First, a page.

“Since its introduction in 2008, the Lexus IS-F has had a strong following, but ultimately the inability to tune the ECU left many Lexus enthusiasts switching to other brands,” says Raban.
“Tuning and making additional power out of a modern naturally-aspirated V8 is a challenge, as modern engine management systems are highly advanced and able to optimize engine parameters under a wide range of conditions. By understanding the complex control strategies for the IS-F’s direct and port fuel injection systems, variable cam timing, fueling, ignition, and knock control strategies, RR-Racing has pushed the IS-F’s Yamaha-built 2UR-GSE V8 to the magic 100 horsepower per liter mark.”
PPE header on the left, restrictive factory manifold on the right.
Of particular note during the mapping process is intimate control of the direct and port injection systems, along with the various ignition control strategies. The IS-F has ignition maps for base, cam timing, and knock correction, each of which must be managed down to the smallest level in order to provide rock-solid drivability.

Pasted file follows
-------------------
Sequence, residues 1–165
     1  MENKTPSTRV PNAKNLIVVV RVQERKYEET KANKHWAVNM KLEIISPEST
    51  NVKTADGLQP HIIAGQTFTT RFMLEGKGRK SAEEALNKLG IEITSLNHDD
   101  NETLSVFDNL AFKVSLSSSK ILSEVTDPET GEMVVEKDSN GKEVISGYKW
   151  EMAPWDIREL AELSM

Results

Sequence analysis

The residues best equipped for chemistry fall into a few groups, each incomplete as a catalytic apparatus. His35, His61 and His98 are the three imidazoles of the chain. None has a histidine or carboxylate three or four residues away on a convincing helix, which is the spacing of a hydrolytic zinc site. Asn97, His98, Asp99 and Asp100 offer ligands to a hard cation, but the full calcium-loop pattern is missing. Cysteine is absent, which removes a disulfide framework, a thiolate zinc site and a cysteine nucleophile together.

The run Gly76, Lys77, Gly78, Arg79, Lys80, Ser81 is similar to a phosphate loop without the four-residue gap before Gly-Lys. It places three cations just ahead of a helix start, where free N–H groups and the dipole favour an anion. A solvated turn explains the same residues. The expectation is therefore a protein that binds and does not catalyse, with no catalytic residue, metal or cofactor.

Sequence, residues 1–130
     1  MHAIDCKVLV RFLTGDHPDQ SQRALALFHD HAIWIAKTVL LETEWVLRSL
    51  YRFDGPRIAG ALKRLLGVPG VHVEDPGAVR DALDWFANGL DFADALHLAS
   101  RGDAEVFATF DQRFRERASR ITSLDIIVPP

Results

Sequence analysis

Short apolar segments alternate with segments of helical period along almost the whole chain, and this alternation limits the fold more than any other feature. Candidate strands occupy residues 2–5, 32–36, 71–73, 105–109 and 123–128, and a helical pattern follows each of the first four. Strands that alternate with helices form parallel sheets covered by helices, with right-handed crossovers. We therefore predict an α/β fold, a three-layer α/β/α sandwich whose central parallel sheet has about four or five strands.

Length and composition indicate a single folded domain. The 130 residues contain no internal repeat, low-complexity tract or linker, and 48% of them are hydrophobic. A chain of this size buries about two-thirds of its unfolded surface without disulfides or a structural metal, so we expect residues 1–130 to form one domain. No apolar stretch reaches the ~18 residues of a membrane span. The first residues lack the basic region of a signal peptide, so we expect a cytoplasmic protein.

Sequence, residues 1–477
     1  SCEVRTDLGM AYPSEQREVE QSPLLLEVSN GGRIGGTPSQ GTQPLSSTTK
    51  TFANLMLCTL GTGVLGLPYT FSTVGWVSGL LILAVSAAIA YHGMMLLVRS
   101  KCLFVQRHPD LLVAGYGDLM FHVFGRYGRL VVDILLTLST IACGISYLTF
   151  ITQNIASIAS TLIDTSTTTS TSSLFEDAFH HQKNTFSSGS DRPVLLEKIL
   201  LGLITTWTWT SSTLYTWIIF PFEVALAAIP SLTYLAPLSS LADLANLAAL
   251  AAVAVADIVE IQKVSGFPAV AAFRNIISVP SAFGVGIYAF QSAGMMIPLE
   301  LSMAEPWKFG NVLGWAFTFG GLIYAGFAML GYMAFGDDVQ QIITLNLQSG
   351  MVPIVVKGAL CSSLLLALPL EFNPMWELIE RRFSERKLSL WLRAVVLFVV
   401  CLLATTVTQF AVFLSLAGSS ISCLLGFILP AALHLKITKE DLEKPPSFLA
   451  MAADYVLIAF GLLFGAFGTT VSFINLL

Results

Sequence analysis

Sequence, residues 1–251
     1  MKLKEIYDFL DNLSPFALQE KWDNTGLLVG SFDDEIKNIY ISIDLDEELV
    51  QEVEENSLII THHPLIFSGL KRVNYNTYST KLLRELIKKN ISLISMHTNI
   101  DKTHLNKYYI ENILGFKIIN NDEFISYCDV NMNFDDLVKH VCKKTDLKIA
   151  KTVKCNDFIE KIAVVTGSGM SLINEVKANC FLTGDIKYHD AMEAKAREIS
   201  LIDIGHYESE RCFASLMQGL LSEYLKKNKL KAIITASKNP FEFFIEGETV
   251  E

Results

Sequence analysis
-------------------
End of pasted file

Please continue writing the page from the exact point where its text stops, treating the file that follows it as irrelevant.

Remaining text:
The IS-F’s 2UR-GSE engine also has independent variable camshaft timing for both intake and exhaust camshafts, which Raban has developed to provide the largest increases without hindering stop-and-go, real-world performance. In addition, he’s been able to enhance the throttle response by working out the details of mapping the torque to throttle settings.
By performing each of these steps during the remapping process, RR-Racing is able to offer the IS-F community a smooth, linear power curve, which has excellent mid- and upper-RPM power improvement.
Removing the cat-back exhaust from under the car in one piece.
Install Pitfalls And Notes
The team at Gear One – in their partnership with RR-Racing – has worked with these products multiple times on the IS-F, and has figured out all of the installation challenges that are encountered in the process.